|How to Approach the Regulatory Conundrum?
By Gregory A. Jaffe, Director, Biotechnology Project
presented at the National Agricultural Biotechnology Council's Foods for Health conference May 19, 2002.
Today, farmers and the environment benefit from the first generation of agricultural
biotechnology crops. The biotechnology industry and academics trumpet the next generation of
genetically engineered ("GE") crops, such as more nutritious foods and plants used to produce
pharmaceuticals, antibodies and industrial enzymes. If those crops are commercialized, is the current
regulatory structure in the United States up to the task of ensuring that those products are safe for
humans and the environment? This paper analyzes the ability of the regulatory system to adequately
regulate the next generation of agricultural biotechnology products. It concludes that without additional
legal authority and stronger oversight, the US regulatory system cannot ensure that only agricultural
biotechnology products that are safe for humans and the environment are commercialized.
I. What the Future Holds?
Virtually every week there is media coverage about new applications for agricultural
biotechnology. Some applications add new genes to crops to make food more nutritious. For
example, in the past year, the press has reported on the following potential products:
- Scientists have inserted two genes from a daffodil and one from a bacterium into rice plants
to create golden rice. That rice produces beta-carotene, which the human body turns into
- At University of California at Davis, scientists have modified rice plants to carry a human
gene for a milk enzyme called lactoferrin. Rice containing that human breast milk protein
may be helpful in fighting infections.
- In Australia, one of the four primary protein genes present in cows has been inserted into
calves to enable production of high protein milk. Those cows may produce more nutritious
- Researchers are trying to increase the anti-oxidant properties of tomatoes by engineering
them with more lycopene and increased levels of lutein (known to help fight eye disease).
Research is also being conducted so that agricultural crops can be employed as factories to
produce biological molecules in a cost-efficient and renewable manner. For example:
- Prodigene has engineered corn plants to produce avidin and trypsin. Avidin, which is
usually found in egg whites, is used in medical and biochemical diagnostics. Trypsin is an
industrial enzyme used to produce drugs.
- Epicyte is currently engineering plants to produce antibodies, such as a topically applied
antibody that prevents the transmission of herpes simplex virus.
- Hiridin, an anticoagulant, has been produced in transgenic canola and is available
commercially in Canada. That human protein is used to treat blood clots.
- In April, a company announced that it has produced a genetically engineered corn that
contains a protein on the surface of HIV, the virus that causes AIDS. The next step for that
edible vaccine is animal studies to see if ingestion of the corn elicits an immune response.
Other crops, such as bananas and carrots, are also being engineered to produce vaccines.
Those potential products and many others provide some hope that the next generation of
products may benefit consumers, both in developed and developing countries. If those products are
commercialized, fruits, vegetables, and grains will become vehicles that provide consumers with more
nutritious and healthful foods and biological factories that produce useful medical and industrial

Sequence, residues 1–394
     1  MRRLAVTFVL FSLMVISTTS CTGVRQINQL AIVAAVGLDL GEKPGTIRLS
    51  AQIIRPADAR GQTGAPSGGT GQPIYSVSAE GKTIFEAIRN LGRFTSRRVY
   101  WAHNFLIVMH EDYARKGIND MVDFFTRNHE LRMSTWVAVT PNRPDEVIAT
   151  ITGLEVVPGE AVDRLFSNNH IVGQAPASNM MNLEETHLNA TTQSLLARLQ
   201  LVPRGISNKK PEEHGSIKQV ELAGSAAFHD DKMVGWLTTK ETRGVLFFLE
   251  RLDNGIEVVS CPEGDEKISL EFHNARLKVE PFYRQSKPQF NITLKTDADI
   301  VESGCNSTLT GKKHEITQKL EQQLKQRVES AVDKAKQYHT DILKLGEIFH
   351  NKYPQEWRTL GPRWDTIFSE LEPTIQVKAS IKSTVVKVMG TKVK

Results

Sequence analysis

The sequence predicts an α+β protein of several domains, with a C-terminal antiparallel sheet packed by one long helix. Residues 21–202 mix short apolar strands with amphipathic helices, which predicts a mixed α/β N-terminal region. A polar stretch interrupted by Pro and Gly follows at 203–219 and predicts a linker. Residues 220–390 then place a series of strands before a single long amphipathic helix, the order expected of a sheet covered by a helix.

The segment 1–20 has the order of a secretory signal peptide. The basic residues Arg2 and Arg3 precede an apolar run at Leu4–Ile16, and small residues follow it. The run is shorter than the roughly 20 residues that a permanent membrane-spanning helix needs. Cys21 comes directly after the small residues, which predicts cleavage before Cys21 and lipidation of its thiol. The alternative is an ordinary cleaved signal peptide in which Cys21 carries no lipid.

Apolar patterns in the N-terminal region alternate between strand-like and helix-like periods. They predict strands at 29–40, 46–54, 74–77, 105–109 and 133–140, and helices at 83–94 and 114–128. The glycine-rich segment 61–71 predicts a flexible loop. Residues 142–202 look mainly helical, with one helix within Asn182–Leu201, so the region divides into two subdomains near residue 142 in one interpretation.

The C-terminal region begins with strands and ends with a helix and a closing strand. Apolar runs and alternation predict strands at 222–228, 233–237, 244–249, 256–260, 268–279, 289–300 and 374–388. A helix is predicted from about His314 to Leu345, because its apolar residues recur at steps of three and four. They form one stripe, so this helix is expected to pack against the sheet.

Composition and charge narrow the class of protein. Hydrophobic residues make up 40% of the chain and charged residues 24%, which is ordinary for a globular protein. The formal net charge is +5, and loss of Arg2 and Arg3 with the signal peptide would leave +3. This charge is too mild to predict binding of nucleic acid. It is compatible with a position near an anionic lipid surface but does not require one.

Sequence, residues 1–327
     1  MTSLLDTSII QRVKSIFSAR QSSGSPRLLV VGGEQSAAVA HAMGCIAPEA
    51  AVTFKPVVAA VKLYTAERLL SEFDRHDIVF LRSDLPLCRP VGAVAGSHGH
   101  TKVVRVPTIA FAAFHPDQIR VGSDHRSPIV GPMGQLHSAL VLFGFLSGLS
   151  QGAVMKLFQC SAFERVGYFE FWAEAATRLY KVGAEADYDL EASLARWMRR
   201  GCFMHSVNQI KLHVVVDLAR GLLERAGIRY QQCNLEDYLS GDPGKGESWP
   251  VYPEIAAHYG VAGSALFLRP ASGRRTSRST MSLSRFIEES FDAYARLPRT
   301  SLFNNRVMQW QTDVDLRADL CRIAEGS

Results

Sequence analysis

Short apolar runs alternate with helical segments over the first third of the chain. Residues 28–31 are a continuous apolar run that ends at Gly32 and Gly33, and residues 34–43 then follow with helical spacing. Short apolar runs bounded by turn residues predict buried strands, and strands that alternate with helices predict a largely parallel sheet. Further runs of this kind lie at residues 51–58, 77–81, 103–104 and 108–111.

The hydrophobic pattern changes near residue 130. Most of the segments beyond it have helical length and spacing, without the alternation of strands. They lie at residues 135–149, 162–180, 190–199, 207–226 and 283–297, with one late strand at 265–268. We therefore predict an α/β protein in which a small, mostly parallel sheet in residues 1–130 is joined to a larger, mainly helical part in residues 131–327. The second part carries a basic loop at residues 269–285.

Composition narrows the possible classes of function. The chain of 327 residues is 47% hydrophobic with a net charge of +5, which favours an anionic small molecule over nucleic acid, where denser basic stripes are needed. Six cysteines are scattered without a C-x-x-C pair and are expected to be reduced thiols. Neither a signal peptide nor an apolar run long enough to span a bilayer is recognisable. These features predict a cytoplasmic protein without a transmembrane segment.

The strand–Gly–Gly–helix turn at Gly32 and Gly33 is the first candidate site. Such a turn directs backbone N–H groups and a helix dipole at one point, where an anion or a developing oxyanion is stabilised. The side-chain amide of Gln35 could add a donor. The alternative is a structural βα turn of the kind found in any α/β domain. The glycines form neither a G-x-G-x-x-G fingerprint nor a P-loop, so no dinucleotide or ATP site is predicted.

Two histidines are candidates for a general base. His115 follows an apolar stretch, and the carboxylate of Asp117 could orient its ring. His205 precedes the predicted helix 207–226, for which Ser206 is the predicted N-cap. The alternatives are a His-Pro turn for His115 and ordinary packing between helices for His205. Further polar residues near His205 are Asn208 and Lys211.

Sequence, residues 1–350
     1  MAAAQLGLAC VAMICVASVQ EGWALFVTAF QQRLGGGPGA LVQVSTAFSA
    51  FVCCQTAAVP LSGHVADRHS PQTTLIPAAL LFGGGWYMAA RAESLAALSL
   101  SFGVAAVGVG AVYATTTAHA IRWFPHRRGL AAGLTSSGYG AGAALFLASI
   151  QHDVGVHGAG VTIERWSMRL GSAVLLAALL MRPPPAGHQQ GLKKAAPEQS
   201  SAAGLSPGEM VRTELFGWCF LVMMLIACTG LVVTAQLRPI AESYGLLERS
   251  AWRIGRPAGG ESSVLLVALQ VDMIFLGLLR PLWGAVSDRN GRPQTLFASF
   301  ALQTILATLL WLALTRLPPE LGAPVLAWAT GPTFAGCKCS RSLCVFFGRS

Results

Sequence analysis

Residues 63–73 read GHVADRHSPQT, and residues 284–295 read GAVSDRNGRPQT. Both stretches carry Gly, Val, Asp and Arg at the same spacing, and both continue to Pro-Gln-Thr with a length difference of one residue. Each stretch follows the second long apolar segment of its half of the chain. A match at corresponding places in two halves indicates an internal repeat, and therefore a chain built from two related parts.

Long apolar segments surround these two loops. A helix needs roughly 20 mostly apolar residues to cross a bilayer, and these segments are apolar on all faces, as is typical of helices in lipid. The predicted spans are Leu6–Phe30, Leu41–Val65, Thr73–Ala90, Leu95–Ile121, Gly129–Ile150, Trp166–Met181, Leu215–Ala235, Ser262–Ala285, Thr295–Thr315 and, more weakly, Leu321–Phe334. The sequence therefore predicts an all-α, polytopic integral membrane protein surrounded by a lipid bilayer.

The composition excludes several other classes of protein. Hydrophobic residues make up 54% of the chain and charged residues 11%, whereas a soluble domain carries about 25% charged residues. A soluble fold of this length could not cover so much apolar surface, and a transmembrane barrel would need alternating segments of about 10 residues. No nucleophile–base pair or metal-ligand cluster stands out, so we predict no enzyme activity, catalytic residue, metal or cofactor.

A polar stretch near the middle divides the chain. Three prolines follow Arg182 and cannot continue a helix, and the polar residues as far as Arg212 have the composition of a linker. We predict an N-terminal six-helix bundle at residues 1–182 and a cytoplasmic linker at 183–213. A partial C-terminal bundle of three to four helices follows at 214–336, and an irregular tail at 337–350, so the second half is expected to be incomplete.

II. Is the Regulatory Structure Up to the Task of Regulating New Uses of Agricultural
Currently, agricultural biotechnology is regulated to protect human health and the environment.
Is the current federal regulatory system up to the task of thoroughly assessing the safety to humans and
the environment of the next generation of GE crops? A review of the regulatory system's treatment of
the first generation of biotech crops identifies both weaknesses and gaps in the current system and
problems that will arise when regulating future crops. New statutory authority and stronger oversight is
needed to ensure that only commercial products that are safe for humans and the environment are
III. Ensuring that GE crops are Safe to Eat
Consumers want assurance that the foods they eat are safe to consume. Thus, the Food and
Drug Administration ("FDA") should ensure the safety of biotech foods before they are marketed to
them. FDA's current regulatory system, however, does not adequately ensure that only safe GE crops
A. Current Regulation of Biotech Foods
Currently, FDA does not formally approve any GE crops as safe to eat. FDA has the authority
to approve new food additives, but says that the GE crops developed so far do not fall within that
authority. Instead, FDA has determined that GE crops are similar to conventionally bred crops and
should typically fall into the category of "generally recognized as safe" ("GRAS") foods. FDA's policy
does allow a GE crop to be treated as a food additive requiring mandatory approval if that crop raises
a food-safety concern. However, to date, FDA has not determined that any GE crop should be
considered a food additive and it is unclear if any future crop will fall into that category. Both FDA and
the biotechnology industry will strongly resist putting biotech foods through the food additive process,
since that process is perceived as time-consuming and burdensome.
To oversee any potential food-safety concerns that might exist for a GE crop, FDA adopted a
voluntary consultation process to review safety data provided by companies to ensure compliance with
existing laws. In that process, the biotechnology company provides summary information about the
food-safety of its product to FDA and FDA provides informal advice about the adequacy of the tests